Stephen Gray is the author of Cannabis and Spirituality: An Explorer’s Guide to an Ancient Plant Spirit Ally. On October 1st, 2015, Oregon joined Washington and Colorado as the third state to legalize recreational use of cannabis. Now that it is easy as going to one of the many cannabis shops in the state and choosing from a wide selection of strains, many who perhaps haven’t used cannabis since college or are curious and using it for the first time may have many questions about the plant.
Many misconceptions about cannabis abound. It is much maligned and misunderstood. Today we will address questions such as: What are its effects? What is a good dosage? Why do some people have negative experiences with it (such as paranoia or anxiety)? Is it addictive? Is it good for society to legalize cannabis?
We are also going to talk about the spirituality of cannabis. How can cannabis be an ally in spiritual practice?
In the second part of the show, I speak with Michael Eric Dyson, author of Tears We Cannot Stop: A Sermon to White America about police brutality and racism and the killing of teenager Quanice Hayes by Portland police.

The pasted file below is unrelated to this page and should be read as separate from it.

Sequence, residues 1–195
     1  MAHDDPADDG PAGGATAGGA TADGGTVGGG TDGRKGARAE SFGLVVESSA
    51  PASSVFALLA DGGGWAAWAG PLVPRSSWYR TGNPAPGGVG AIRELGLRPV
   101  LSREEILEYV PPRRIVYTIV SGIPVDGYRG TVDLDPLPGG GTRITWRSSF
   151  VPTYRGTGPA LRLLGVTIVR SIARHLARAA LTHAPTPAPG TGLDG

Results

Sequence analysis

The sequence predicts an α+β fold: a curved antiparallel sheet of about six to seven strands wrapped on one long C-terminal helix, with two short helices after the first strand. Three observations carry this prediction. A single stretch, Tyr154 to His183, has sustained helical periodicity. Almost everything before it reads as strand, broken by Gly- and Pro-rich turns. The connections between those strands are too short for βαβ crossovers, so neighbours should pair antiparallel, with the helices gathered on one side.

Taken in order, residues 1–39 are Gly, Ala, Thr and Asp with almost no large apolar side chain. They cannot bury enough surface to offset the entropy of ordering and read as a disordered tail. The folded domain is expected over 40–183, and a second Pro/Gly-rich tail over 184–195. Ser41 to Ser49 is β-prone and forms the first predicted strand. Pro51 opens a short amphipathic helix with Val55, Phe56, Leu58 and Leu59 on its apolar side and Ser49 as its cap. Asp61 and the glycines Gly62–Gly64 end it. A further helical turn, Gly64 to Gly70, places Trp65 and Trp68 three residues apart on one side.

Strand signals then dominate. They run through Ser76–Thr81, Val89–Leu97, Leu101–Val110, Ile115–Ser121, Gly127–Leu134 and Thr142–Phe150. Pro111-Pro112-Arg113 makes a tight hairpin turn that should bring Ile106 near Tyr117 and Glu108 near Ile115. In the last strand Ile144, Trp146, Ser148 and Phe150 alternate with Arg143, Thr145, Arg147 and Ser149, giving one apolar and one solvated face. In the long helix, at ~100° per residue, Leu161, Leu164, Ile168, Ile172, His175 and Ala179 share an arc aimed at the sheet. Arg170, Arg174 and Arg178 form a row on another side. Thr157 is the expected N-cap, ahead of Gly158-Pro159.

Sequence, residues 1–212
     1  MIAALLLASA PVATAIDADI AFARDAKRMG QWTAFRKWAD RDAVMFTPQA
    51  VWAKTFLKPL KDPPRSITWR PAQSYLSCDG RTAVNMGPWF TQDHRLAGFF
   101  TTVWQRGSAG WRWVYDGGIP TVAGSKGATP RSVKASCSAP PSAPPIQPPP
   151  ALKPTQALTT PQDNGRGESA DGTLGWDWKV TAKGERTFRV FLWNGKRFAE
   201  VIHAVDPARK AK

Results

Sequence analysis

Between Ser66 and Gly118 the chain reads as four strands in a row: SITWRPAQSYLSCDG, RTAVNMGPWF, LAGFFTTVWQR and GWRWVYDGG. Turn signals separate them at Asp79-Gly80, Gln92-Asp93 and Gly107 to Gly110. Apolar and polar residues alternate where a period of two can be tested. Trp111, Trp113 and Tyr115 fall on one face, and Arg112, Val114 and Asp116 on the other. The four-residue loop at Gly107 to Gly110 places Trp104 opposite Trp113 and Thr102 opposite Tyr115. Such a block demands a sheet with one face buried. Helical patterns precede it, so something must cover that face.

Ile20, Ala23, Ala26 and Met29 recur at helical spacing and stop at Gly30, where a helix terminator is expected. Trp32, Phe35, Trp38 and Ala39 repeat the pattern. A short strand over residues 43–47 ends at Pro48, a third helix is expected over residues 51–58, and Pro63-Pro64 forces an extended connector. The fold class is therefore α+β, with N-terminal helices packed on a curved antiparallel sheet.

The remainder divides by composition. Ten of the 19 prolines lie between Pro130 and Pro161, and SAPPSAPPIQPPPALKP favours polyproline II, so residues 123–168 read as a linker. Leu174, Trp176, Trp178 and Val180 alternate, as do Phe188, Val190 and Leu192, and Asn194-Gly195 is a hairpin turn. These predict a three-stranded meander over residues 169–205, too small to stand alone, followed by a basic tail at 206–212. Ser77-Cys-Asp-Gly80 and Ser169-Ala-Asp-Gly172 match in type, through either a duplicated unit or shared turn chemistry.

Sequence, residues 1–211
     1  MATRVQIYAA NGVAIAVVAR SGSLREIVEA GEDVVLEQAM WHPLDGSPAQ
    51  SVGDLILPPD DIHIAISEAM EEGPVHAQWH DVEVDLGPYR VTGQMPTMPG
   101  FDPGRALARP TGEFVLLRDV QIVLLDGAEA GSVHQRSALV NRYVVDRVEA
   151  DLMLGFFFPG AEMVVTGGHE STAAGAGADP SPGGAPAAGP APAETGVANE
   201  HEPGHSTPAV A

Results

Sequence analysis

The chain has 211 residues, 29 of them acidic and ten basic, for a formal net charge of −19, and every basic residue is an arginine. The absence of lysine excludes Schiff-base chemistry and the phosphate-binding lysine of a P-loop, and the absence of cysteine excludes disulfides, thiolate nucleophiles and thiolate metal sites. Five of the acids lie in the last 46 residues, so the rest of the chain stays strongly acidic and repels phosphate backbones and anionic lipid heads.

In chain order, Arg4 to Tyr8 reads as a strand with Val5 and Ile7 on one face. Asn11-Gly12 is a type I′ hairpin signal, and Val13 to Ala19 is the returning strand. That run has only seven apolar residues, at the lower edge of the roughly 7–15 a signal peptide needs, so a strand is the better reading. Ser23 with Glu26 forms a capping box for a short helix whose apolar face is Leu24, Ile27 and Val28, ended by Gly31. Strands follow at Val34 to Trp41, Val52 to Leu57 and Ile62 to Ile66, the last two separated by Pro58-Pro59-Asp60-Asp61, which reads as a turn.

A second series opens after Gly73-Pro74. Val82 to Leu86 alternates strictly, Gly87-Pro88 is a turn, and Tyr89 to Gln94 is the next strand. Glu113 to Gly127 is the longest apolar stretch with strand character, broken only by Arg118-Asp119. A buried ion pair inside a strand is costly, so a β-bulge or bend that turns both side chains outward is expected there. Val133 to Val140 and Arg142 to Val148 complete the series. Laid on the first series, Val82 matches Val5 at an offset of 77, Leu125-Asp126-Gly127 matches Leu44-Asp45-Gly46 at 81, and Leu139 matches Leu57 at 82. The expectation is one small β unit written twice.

On February 9th 2017 in Northeast Portland, a 17 year old child, Quanice Derrick Hayes was shot three times, twice in the chest and once through the head at point blank range. He was shot and killed by Portland Police Officer Andrew Hearst.
The family of Quanice Hayes is calling on Portland Mayor Ted Wheeler who also serves as police commissioner to instruct the district attorney to seek an indictment for Officer Hearst.
The mother of Quanice Hayes, Venus Hayes, and the lead organizer of “Don’t Shoot Portland”, Teressa Raiford, speak with me about their struggle for accountability, transparency, and justice.
The theme of this episode is transitions and transformations. Here are two people who see changes on the ground and are helping direct them toward a more flourishing outcome.
My first guest ever on this program, when it was called Religion For Life, is Anthony Flaccavento. He returns to discuss his book, "Building A Healthy Economy From the Bottom Up: Harnessing Real-World Experience for Transformative Change." In 1995 he founded Appalachian Sustainable Development and is now the president of SCALE Inc., a private consulting business that supports ecologically healthy economics.